The past two days, I’ve been at a young investigator’s meeting convened by the Canadian Institutes of Health Research Institute for Nutrition, Metabolism and Diabetes, in Kelowna, BC.
This annual event brings together promising and emerging young investigators working in the fields of metabolic, renal and digestive disease from across Canada.
The talks by experienced faculty are given on topics ranging from grant writing, finding a good mentor and building partnerships (my topic), to the importance of not forgetting about work-life balance.
There is no doubt that every year, the research environment for funding becomes yet more competitive. Thus, it is always refreshing to see the enthusiasm, passion and enthusiasm with which young researchers approach the many research questions that desperately need answers.
Finding better ways to prevent and treat obesity are certainly among the top issues on the list, and it was therefore not surprising to see several of the research projects presented by the young attendees focusing on various aspects of obesity.
I found attending this event particularly rewarding as this was a reunion with several past “bootcampers” (attendees of the Canadian Obesity Network’s annual Obesity Research Summer School), who, I am happy to say, have progressed nicely into junior faculty and new investigator positions.
Congratulations to the organisers and all who had the privilege of attending.
There is no doubt that bariatric surgery is currently the most effective long-term treatment for severe obesity, however, there is also some evidence to suggest that patients seeking bariatric surgery (or for that matter any kind of weight loss) are more likely to have accompanying mental issues that individuals with obesity who don’t and that such issues may affect the outcomes of surgery.
Now, a paper by Aaron Dawes and colleagues from Los Angeles, CA, published in JAMA presents a meta-analysis of mental health conditions among patients seeking and undergoing bariatric surgery.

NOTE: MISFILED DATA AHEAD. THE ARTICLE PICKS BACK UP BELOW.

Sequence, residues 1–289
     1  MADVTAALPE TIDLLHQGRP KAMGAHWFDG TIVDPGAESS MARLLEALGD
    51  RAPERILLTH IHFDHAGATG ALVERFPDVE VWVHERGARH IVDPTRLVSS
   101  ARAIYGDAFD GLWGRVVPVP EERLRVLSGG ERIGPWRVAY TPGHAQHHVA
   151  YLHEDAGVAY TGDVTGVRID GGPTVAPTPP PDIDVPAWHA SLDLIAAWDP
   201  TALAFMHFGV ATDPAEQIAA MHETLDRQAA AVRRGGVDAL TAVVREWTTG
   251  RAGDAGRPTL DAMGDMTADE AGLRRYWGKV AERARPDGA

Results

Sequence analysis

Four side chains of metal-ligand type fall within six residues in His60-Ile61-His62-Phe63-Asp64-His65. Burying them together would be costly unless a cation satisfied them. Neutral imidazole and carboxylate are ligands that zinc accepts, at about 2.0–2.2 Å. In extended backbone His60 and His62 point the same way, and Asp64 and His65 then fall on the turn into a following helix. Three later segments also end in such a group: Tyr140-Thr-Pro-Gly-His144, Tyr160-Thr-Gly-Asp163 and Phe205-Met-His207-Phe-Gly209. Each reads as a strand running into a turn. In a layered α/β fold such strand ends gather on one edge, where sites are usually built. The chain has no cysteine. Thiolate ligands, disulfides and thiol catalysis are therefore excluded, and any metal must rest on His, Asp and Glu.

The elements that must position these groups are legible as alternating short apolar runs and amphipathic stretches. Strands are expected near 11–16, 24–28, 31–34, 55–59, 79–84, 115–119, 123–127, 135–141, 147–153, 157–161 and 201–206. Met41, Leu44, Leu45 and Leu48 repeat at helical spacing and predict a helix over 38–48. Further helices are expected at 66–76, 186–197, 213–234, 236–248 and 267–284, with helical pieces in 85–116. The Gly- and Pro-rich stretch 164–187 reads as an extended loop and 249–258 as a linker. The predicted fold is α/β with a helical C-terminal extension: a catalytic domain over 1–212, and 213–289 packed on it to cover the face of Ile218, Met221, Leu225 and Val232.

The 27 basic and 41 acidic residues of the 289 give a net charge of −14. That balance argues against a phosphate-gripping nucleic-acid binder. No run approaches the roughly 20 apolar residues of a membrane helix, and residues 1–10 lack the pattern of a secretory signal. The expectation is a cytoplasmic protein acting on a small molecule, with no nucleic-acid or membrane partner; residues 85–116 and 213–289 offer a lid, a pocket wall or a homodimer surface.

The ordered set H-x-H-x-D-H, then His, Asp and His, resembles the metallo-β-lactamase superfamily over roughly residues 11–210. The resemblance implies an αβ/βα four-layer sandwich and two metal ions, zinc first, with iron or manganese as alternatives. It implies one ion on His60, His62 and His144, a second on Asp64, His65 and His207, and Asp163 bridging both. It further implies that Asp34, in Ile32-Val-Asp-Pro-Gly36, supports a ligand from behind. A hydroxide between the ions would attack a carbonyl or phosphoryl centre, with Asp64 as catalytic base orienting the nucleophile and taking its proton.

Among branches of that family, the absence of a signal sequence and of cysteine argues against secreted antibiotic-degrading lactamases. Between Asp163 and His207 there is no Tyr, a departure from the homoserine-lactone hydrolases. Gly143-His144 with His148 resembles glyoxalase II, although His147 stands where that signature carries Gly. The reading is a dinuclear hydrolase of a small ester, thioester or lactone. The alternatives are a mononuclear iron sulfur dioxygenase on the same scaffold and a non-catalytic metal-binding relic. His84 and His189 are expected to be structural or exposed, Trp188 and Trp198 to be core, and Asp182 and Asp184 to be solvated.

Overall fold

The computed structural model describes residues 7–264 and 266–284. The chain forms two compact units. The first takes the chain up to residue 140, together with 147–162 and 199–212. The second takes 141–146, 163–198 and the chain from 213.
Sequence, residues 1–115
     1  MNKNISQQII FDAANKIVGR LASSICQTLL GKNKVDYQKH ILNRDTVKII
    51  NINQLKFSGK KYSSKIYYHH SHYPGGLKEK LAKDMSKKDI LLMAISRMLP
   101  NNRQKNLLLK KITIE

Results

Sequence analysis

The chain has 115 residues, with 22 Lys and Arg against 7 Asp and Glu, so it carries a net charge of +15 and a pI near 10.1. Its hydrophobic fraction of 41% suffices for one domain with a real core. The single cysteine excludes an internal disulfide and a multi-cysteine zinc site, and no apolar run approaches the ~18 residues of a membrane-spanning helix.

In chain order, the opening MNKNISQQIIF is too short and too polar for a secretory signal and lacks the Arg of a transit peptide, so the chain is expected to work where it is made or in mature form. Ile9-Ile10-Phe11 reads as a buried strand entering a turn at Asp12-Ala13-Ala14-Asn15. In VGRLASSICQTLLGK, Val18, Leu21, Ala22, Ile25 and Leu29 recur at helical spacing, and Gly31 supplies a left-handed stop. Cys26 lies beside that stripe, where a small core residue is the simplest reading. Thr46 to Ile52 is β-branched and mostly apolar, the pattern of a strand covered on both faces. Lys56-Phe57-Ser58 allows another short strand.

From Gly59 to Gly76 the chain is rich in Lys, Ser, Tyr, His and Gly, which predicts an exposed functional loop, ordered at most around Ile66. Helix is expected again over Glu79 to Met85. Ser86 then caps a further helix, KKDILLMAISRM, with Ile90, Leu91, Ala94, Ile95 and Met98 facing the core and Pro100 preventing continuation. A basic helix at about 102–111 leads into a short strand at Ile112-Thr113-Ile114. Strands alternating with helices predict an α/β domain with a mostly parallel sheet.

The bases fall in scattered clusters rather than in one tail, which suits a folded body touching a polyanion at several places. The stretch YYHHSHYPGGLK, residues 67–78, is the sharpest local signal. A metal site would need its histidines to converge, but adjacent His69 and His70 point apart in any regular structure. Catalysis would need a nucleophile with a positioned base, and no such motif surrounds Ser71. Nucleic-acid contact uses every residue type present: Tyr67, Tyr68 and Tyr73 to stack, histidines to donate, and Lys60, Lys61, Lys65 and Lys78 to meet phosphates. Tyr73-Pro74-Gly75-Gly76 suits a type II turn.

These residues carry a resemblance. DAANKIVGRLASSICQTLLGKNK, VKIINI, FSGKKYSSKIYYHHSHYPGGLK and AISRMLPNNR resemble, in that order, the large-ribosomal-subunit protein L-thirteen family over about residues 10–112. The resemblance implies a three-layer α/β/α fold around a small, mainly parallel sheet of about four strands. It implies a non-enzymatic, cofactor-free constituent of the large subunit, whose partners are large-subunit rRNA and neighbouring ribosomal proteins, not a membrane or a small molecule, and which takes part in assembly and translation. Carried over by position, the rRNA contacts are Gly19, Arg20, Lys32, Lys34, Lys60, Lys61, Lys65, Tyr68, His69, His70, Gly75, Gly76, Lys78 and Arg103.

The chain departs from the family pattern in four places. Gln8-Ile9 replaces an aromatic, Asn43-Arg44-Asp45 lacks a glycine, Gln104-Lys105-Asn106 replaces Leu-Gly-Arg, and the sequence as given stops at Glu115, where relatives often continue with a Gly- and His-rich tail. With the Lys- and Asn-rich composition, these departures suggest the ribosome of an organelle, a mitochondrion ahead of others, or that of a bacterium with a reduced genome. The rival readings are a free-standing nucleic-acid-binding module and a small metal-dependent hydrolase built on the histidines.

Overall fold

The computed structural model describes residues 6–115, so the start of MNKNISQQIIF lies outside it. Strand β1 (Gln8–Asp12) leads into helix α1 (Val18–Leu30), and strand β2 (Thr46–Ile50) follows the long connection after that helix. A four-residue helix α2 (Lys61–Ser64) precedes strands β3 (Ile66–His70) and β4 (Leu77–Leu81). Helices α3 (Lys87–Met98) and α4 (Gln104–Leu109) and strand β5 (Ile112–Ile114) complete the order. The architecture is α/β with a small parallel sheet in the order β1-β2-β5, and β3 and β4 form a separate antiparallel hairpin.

They identified 68 publications meeting inclusion criteria: 59 reporting the prevalence of preoperative mental health conditions (65,363 patients) and 27 reporting associations between preoperative mental health conditions and postoperative outcomes (50,182 patients).
Among patients seeking and undergoing bariatric surgery, the most common mental health conditions, each affecting about one-in-five patients were depression and binge eating disorder.
However, neither condition was consistently associated with differences in post-surgical weight outcomes. Nor was there a consistent relationship between other mental health conditions including PTSD or bipolar disease and post-surgical outcomes.
Interestingly, bariatric surgery was consistently associated with a significant decrease in the prevalence and/or severity of depressive symptoms.
So what do these findings mean for clinical practice?
As the authors note,
“Guidelines from the American Society for Metabolic and Bariatric Surgery and the Department of Veterans Affairs/Department of Defense recommend routine preoperative health assessments, including a review of patients’ mental health conditions. Other groups advocate for a more comprehensive, preoperative mental health examination in addition to the general evaluation currently performed by medical and surgical teams. The results of our study do not defend or rebut such a recommendation.”
So why are these data not clearer than they should be? Here is what the authors have to offer:
“Much of the difficulty in determining the effectiveness of preoperative mental health screening is due to the limitations of current screening strategies, which use a variety of scales and focus on mental health diagnoses rather than psychosocial factors. Previous reviews have suggested that self-esteem, mental image, cognitive function, temperament, support networks, and socioeconomic stability play major roles in determining outcomes after bariatric surgery. Future studies would benefit from including these characteristics as well as having clear eligibility criteria, standardized instruments, regular measurement intervals, and transparency with respect to time-specific follow-up rates. By addressing these methodological issues, future work can help to identify the optimal strategy for evaluating patients’ mental health prior to bariatric surgery.”
At this time, perhaps to err on the side of caution, our centre (like many others) continues to screen for and address any relevant mental health issues in patients wishing to undergo bariatric surgery.
Thus, a study by Miram Salama and colleagues from Laval University, QC, published in Physiology and Behavior, shows that mental work may very much influence food preferences and satiety.
Using a cross-over design, 35 healthy young adults were randomly assigned the one of the two following conditions: mental work (reading a document and writing a summary of 350 words with the use of a computer) or control (rest in seated position).